3 ways to use exercise to boost your focus

by | Jun 7, 2013 | Focus

Takeaway: Exercise improves your focus. To get the most benefit from it, do a lot of aerobic exercise while balancing that with other types of exercise. And don’t over-train.

Estimated Reading Time: 1 minute, 41s.


Not only does exercise have the ability to make you even sexier than you already are, it also can make you a lot more focused. According to a number of studies, exercise produces a ton of benefits that will improve your focus. It:

  • First and foremost produces “positive changes in concentration, stress, energy, and well-being1
  • Increases blood flow to your brain, improving your mental cognition and ability to focus
  • Actually creates new brain cells2, building up the empire that is your brain
  • Like meditation, works out your attention muscle, and improves the “brain circuits that underlie [your] ability to think”3
  • Enhances your mood, impulse control, memory, and energy levels, which are all factors that influence how focused you are.4

Screen Shot 2013-06-04 at 4.38.32 PMSo it’s pretty clear – exercise will improve your ability focus. But how exactly can you use it to boost your focus? Here’s what the research says:

  1. Aerobic exercise will improve your focus the most. One study found that participants who only stretched “had increased activation in some areas of the brain but not in those tied to better performance”, but participants who performed aerobic exercise had the most improved focus and decision-making ability.5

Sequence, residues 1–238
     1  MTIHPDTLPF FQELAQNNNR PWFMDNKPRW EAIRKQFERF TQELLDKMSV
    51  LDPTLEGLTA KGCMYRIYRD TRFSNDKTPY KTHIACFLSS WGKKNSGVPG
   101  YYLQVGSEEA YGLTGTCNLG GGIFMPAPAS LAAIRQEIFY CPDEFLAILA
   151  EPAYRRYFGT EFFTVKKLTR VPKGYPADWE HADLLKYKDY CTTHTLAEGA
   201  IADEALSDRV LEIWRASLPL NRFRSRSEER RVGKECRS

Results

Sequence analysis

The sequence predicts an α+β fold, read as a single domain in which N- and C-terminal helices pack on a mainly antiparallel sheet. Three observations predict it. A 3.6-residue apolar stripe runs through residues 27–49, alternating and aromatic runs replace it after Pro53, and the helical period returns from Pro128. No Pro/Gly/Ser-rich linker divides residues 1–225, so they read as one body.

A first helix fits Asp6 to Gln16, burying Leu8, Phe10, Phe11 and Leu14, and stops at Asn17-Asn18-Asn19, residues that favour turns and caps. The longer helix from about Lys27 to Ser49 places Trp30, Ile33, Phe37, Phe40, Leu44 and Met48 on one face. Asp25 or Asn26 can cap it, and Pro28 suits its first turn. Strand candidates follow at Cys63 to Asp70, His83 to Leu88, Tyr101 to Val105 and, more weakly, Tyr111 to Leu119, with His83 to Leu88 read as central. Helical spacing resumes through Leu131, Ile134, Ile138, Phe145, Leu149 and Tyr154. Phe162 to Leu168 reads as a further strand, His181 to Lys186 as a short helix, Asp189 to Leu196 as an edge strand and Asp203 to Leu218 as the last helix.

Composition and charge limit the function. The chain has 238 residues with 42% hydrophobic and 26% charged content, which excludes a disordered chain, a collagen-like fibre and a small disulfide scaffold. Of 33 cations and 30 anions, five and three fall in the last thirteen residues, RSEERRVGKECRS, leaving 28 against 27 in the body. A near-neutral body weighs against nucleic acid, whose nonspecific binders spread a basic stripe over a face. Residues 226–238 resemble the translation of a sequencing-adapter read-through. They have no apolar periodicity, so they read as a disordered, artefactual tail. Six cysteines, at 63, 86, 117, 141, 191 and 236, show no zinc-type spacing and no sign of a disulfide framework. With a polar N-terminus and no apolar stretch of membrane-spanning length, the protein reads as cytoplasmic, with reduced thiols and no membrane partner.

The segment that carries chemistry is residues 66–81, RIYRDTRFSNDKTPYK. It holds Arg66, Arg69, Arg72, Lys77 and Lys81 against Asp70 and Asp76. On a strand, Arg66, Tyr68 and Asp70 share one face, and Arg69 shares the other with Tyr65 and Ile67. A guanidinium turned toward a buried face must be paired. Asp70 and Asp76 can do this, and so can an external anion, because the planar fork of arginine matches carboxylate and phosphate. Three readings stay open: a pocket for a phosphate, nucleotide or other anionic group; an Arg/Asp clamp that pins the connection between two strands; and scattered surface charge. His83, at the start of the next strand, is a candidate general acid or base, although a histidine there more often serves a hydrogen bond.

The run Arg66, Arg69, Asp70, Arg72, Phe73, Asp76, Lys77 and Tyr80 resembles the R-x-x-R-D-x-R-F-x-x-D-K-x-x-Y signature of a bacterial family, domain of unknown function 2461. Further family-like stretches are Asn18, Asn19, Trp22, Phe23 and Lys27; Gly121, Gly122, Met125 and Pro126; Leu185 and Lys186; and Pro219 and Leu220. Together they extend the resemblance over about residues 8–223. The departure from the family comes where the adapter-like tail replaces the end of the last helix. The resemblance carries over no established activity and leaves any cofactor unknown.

2. Make sure you don’t only do aerobic exercise. In other words, while cardio may be best for your focus, balancing a few exercise types, like yoga, weight training, and cardio, will make you the most focused.6 This lets you reap the benefits from all types of exercise – for example, “only yoga produces improvements in mood and self-satisfaction”.7
  3. Don’t over-train. According to the author of How to Get Focused, “as soon as you push yourself beyond a certain limit, your alertness will significantly drop”.8 Not overtraining will keep you running at your peak.

Christopher Chabris and Daniel Simons put it well in their book, The Invisible Gorilla, when they said “exercise improves cognition broadly by increasing the fitness of your brain itself”. If you care a lot about productivity and focus, exercise is something you should work into your daily routine, particularly if your brain is front and center in how productive you are.

This post is a part of Focus Week – a week where every post has to do with improving your focus.

  1. http://docs.rwu.edu/cgi/viewcontent.cgi?article=1000&context=honors_theses 

  2. http://www.howtogetfocused.com/chapters/how-exercise-increases-focus 

  3. http://news.illinois.edu/news/04/0216exercise.html 

  4. http://www.forbes.com/sites/jennifercohen/2012/05/08/6-ways-exercise-makes-you-smarter 

  5. http://docs.rwu.edu/cgi/viewcontent.cgi?article=1000&context=honors_theses 

  6. http://www.howtogetfocused.com/chapters/how-exercise-increases-focus 

  7. http://docs.rwu.edu/cgi/viewcontent.cgi?article=1000&context=honors_theses 

  8. http://www.howtogetfocused.com/chapters/how-exercise-increases-focus 

Written by Chris Bailey

Chris Bailey has written hundreds of articles on the subject of productivity and is the author of three books: How to Calm Your Mind, Hyperfocus, and The Productivity Project. His books have been published in more than 40 languages. Chris writes about productivity on this site and speaks to organizations around the globe on how they can become more productive without hating the process.

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